Whenever I eat eggs, I find myself thinking about how I can repurpose the shells instead of just throwing them away. Citrus trees, like my Meyer lemon tree, are heavy feeders of fertilizer and can benefit from many food scraps. But does this include eggshells? I did a bit of research to find out if eggshells are good for citrus trees. Here’s what I found.
Eggshells are high in calcium and have trace amounts of magnesium, both of which are good for citrus trees. These nutrients help prevent disease, keep a balanced soil pH, and assist with overall plant growth. The best way to apply eggshells as a citrus tree fertilizer is to dry and crush them into a fine powder.
So, while eggshells are good for citrus trees, are there any other benefits? And how many eggshells should you use? Let’s find out more.
What Are Eggshells Good For?
Like many kitchen scraps, eggshells have quality nutrients that help benefit plant and microbial life. When broken down, these nutrients make for a great fertilizer for growing and fruiting citrus trees. So, what exactly is in eggshells and what are they good for?
Eggshells are high in calcium and have trace minerals such as selenium and magnesium. While it’s known that these nutrients help trees with disease resistance and soil pH, they also promote healthy blossoms and photosynthesis.
Without sufficient calcium, citrus tree blossoms could start to rot and fall off. But while calcium is important, there are many other nutrients you may need to supplement to promote a healthy tree.
If you think your citrus tree could use a good, balanced, homemade fertilizer, check out my post on how to craft your own homemade fertilizer blend for your citrus tree.
How Do You Apply Eggshells As Fertilizer?
How you apply eggshells impacts how well your citrus tree absorbs the nutrients. While you can simply provide your tree with crushed eggshells, you can take it a step further if you wish.
The best way to apply eggshells as a fertilizer is to first dry and powder them. Trees will have an easier time absorbing nutrients from a powder rather than in chunks. You can dry your eggshells by baking them on a sheet in the oven at 250ºF for 30 minutes. After, use a blender to turn them into a fine powder.
Once your eggshells are dried and powdered, you can either mix them into fertilizer or apply them directly to the soil. The powder will slowly release calcium and other nutrients over the next few to several months, depending on the watering and weathering of the soil.
If you don’t need to give your trees a quick calcium uptake, then simply burying crushed eggshells for a slower decomposition will work fine (this is what I do).
Keep in mind that citrus trees can have shallow roots, so if you’re applying some fertilizer under the soil, be careful not to dig too deep.
If you’re looking to add other essential nutrients to your citrus tree’s soil, I spent a few hours putting together a guide on the best citrus tree fertilizers you can buy, so feel free to check it out.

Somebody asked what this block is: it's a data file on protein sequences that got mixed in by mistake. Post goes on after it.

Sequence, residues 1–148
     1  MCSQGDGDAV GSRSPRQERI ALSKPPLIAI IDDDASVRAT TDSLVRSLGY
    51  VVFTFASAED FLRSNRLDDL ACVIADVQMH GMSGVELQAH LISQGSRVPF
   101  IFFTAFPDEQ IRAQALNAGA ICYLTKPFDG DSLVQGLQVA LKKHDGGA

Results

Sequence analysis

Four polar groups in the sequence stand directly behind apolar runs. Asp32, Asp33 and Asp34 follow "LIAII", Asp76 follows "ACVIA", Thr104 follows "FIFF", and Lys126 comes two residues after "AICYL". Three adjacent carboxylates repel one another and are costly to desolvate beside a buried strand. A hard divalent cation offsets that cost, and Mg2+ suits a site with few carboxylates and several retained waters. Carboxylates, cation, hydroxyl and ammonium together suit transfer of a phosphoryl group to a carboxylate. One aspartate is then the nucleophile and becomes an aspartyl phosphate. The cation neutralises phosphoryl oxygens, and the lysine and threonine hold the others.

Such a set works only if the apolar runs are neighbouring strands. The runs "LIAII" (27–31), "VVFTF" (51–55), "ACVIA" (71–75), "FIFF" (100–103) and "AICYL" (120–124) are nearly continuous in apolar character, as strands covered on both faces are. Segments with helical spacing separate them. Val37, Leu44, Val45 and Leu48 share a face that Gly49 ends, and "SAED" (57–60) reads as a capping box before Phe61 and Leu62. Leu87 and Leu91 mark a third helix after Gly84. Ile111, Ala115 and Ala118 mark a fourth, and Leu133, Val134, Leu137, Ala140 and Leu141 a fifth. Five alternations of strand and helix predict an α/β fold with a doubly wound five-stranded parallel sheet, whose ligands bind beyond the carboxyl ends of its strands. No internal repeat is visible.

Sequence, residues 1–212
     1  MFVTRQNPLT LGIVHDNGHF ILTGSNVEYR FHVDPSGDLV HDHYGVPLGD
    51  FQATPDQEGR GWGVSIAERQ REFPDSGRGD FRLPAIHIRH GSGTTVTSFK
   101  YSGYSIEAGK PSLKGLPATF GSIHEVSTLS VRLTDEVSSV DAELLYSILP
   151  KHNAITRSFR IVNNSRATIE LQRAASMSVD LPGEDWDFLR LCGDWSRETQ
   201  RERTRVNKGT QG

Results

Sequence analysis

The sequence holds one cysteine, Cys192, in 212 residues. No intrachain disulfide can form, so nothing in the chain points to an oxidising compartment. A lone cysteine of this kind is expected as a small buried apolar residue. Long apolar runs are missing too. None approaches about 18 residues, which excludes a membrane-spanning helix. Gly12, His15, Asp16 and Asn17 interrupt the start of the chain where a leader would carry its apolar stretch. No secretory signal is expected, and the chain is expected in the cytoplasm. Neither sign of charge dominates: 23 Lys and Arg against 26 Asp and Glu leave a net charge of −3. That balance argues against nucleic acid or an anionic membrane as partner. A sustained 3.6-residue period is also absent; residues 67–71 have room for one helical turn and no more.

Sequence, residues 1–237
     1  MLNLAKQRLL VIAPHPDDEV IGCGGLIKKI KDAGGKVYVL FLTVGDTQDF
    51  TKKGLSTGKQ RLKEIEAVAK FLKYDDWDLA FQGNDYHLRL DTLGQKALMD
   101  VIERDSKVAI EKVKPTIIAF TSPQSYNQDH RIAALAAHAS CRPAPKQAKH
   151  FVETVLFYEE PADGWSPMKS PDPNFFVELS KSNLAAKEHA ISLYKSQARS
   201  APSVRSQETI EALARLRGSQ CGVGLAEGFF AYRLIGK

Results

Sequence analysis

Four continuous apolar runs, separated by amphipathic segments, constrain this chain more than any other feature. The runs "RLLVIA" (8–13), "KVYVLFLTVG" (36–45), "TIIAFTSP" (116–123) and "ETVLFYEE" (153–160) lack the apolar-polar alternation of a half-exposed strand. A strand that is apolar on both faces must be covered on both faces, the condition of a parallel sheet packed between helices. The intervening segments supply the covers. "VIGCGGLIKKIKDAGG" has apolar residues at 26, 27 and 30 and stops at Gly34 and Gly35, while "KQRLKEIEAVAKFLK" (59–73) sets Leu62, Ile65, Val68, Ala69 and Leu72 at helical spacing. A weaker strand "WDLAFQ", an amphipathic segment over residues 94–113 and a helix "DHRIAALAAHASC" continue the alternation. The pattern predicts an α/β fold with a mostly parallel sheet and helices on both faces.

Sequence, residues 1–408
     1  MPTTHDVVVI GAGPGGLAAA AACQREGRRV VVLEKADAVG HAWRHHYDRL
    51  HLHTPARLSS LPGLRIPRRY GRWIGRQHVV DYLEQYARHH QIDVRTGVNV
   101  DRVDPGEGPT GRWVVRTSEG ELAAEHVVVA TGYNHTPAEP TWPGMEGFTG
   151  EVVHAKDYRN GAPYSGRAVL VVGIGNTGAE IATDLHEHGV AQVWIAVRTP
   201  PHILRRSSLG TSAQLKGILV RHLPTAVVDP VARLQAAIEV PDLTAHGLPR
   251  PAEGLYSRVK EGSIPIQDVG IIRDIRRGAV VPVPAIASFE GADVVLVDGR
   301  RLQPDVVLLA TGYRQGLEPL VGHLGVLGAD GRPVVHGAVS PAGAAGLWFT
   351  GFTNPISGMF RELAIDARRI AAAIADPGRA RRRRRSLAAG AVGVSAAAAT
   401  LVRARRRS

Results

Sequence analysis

How Many Eggshells Should You Use?
It’s hard to over-apply eggshells in your citrus tree soil as it takes a lot to overpower the tree. Generally, you don’t need to worry about the amount, unless you run a large-scale egg farm. However, if you’d still like an idea of the amount, here’s a quick breakdown.
If you decide to use eggshells for your citrus trees, they should comprise about 10-20% of the overall fertilizer. Eggshells aren’t potent and can be easily dispersed through the soil, so if you happen to go over this amount, your citrus trees will be fine.
Generally, when it comes to fertilizer, citrus trees prefer an NPK (nitrogen, phosphorus, potassium) ratio of 2-1-1 or 3-1-1. The NPK of eggshells is 1-0.4-0.1. So, using 2/3 grass clippings or other high nitrogen ingredients along with 1/3 eggshells and banana peels will provide a good balance of nutrients.
Remember that eggshells can make soil slightly more alkaline, and since citrus trees prefer an acidic pH of 6.0-7.0, you won’t want to apply too much. When it doubt, you could always perform a quick test of your soil’s pH.
When Should You Fertilize Your Citrus Tree With Eggshells?
The best time to fertilize your citrus tree with eggshells is at the start of spring. At this time, your citrus trees will begin its growing period and will need a lot of nutrients. Eggshells can help provide a boost shortly before your tree starts growing and fruiting again.
As with most plant fertilizing, the best time is at the start of spring. Avoid fertilizing in winter since the nutrients can go unused and will likely wash away. Also, avoid applying high nitrogen fertilizer in the winter as nitrogen can burn the tree and its roots if left for too long in high concentrations.
Eggshells are great for citrus trees. They have a lot of calcium and other trace minerals that can help your tree grow and remain healthy. You can choose to either crush and bury the eggshells or dry and powder them. Either way, you can’t go wrong.
I personally prefer to just bury them crushed and let them break down over time, but if your citrus tree could use a faster absorption of calcium and other nutrients, powdering them would be a good idea.